Véronique Altglas (Queen’s University Belfast)
Why is it that Europeans and North Americans are so fascinated by the ‘religion of others’, evident for instance in the recent craze for kabbalah, as well as the popularity of yoga, meditation, shamanism and Sufism? It seems that their perceived otherness nourishes hopes for untouched sources of wisdom and hidden truths and yet, surprisingly, such attraction has not led to mass conversions to Buddhism, Hinduism, Islam or Judaism. Instead, these traditions are often explored as ‘bits and pieces’ that individuals combine in seemingly eclectic assortments of beliefs and practices. How can we understand people’s way of engaging with religious traditions that are initially foreign to them? Why and how have Euro-Americans become fascinated by these traditions? Why are some of traditions appropriated and not others? Does their popularisation require adaptation to new cultural settings and, if this is the case, what kinds of transformations do they undergo?
Surprisingly, while being a salient feature of contemporary religious life, this religious exoticism, as I want to call it, has not been investigated as such. Rather, sociologists of religion have insisted on the making of eclectic and personalised religiosities (what has been termed ‘bricolage’ after Levi-Strauss’ metaphor) as resulting from individualisation processes in advanced industrial societies.(1) In a world believed to have broken with tradition and historicity, it seems that individuals are emancipated from social norms and constraints and hence free to choose and combine religious resources of all kind, thereby crafting personal, and therefore unique, religious identities and belief systems. Hence ‘anything goes’, as Luckmann wrote about this bricolage of religious themes which, he argues, is more structured by ‘individual psychologies’ than social relations and factors.(2)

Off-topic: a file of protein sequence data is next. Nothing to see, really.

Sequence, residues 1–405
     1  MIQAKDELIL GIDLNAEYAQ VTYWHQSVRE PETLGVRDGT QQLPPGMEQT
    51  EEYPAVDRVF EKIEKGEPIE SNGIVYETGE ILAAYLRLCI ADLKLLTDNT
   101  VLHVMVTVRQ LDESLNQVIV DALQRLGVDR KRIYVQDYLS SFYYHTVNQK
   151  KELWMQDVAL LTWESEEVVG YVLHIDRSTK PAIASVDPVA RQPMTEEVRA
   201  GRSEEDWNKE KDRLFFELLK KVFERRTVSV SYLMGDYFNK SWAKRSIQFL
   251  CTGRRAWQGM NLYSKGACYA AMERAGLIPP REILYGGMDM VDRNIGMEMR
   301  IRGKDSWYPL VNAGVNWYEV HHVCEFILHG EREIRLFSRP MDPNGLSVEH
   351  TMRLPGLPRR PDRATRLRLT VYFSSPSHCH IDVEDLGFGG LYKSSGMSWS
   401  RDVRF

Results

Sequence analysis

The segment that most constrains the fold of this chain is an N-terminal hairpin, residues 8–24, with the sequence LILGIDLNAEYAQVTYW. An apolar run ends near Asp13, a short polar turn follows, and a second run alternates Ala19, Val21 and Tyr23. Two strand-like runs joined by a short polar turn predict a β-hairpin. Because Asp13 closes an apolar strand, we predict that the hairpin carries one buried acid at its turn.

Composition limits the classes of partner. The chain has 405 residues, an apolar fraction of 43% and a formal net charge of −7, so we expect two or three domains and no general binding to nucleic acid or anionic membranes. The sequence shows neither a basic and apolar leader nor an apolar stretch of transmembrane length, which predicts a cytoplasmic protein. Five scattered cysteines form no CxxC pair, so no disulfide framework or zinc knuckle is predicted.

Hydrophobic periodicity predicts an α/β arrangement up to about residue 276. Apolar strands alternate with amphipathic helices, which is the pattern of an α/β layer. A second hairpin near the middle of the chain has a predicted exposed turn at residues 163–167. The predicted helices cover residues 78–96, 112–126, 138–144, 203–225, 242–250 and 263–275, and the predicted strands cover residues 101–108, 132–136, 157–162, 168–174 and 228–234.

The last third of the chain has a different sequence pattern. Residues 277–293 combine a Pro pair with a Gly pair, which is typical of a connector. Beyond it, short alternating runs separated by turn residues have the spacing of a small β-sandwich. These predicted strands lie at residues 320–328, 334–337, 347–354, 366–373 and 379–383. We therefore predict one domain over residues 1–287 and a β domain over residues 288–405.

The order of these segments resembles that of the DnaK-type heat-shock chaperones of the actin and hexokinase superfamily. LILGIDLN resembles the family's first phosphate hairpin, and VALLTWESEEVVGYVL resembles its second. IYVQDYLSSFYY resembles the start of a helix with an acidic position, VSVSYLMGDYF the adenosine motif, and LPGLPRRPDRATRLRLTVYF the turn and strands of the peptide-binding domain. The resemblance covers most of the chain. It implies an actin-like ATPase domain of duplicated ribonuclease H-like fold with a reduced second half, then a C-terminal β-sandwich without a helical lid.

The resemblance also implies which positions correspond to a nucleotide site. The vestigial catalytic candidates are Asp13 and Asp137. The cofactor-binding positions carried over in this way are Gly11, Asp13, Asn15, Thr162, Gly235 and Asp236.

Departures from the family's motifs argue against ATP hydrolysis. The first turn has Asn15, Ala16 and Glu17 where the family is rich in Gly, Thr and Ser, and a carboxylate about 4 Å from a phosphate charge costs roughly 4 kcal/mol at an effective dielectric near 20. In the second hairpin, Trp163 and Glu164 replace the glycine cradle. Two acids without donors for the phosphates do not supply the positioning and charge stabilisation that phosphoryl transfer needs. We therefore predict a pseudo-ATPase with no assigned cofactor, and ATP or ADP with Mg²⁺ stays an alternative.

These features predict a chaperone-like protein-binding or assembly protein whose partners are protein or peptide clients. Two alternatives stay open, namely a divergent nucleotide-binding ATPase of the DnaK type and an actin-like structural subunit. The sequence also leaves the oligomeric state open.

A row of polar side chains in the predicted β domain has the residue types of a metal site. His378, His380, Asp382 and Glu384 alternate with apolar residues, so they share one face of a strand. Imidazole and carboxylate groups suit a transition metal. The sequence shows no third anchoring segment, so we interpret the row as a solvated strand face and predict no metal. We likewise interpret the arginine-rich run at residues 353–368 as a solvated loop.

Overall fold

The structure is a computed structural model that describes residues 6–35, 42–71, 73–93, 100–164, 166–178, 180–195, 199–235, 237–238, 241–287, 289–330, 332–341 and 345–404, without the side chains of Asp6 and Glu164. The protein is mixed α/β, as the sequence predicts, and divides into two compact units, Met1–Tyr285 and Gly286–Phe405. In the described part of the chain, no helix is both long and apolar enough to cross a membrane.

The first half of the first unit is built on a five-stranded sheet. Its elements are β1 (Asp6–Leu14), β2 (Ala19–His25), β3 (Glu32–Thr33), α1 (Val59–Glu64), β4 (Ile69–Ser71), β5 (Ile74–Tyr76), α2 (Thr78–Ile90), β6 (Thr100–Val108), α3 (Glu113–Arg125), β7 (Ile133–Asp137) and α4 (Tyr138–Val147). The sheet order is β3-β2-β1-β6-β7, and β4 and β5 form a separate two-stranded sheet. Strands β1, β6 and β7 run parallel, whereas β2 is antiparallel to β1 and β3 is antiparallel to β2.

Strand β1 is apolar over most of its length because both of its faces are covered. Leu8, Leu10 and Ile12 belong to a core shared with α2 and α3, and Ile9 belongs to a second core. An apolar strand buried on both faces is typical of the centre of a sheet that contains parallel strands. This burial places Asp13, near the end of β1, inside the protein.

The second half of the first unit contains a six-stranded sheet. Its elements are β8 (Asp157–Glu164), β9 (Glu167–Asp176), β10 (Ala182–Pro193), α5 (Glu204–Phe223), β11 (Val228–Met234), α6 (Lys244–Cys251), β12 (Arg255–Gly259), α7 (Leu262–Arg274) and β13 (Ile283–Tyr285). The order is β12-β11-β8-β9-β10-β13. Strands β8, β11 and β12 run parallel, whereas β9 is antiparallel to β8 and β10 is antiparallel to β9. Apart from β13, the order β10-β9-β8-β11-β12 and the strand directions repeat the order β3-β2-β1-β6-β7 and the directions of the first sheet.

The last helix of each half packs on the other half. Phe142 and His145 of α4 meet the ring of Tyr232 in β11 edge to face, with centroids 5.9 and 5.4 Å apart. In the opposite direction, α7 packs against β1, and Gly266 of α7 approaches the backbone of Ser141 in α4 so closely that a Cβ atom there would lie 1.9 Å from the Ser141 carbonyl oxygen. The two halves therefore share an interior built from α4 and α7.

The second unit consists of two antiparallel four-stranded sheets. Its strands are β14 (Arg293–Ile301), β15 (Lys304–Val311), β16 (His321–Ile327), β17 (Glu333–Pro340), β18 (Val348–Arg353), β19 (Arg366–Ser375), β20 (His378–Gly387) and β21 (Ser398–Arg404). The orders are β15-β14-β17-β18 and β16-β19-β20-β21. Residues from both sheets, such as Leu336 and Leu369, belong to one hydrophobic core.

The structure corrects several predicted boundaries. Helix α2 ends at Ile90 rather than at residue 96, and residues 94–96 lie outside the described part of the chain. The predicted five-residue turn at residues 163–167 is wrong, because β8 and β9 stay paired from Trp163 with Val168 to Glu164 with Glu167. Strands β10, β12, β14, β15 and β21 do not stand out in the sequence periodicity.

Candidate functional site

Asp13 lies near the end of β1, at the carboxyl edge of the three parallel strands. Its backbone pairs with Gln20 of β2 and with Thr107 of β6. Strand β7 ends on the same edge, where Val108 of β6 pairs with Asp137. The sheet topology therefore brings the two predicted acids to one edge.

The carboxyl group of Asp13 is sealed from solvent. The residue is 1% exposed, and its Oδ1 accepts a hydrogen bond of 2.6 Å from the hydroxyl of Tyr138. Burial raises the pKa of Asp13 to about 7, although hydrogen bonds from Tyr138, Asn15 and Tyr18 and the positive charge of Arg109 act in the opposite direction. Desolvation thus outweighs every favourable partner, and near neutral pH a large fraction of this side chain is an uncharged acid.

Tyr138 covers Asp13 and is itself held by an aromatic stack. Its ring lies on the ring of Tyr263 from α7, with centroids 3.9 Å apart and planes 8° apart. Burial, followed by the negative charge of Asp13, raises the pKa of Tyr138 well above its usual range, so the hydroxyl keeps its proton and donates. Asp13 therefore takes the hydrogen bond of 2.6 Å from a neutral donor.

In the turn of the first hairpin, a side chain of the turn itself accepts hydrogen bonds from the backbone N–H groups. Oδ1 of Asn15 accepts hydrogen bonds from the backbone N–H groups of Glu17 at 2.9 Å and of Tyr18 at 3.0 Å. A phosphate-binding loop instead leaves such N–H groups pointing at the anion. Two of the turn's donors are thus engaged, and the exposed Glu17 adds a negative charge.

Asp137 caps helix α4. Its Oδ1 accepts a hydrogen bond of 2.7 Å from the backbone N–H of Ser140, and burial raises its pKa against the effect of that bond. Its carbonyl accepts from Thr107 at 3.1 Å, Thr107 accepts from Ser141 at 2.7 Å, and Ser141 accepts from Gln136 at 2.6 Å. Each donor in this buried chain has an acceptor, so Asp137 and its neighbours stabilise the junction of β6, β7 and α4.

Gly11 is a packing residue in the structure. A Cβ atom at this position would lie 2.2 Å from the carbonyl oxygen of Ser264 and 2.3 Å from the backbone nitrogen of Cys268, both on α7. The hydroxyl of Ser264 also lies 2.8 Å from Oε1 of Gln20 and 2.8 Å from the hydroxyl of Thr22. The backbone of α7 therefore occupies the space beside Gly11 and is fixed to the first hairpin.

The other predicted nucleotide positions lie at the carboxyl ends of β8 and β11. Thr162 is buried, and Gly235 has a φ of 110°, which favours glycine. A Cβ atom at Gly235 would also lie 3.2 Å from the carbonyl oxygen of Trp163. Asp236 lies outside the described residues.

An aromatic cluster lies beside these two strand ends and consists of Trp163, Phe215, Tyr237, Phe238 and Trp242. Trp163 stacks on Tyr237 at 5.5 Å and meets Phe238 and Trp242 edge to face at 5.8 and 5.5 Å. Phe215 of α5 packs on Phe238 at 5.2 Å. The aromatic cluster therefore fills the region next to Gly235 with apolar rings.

Researching new religious movements, which teach unconventional versions of Hinduism and kabbalah, and their followers (yoga and meditation practitioners, kabbalah students) led me to a very different understanding of the religious life of those who explore a wide range of beliefs and practices originating from different cultures. First, contrary to Luckmann’s stance, it is not the case that ‘anything goes’: the pool of religious resources that are appropriated is neither unlimited not arbitrary: the beliefs and practices that are sought tend to be rooted in traditions which have been understood as ancient, authentic, mysterious and vibrant alternatives to a disenchanted West. In other words, otherness is aestheticised before being appropriated; Hinduism, kabbalah, Sufism, Buddhism, Tantrism or Shamanism have been envisaged as absolute religious ‘others’, retaining what Euro-Americans believed their civilisation has lost. Undoubtedly, contemporary gurus or kabbalists instrumentalise exotic representations with subtlety and actively contribute to the making of idealized Eastern spiritualities and kabbalistic mysteries. Nonetheless, these idealized religious teachings have been elaborated and disseminated on the terms of those who appropriate them.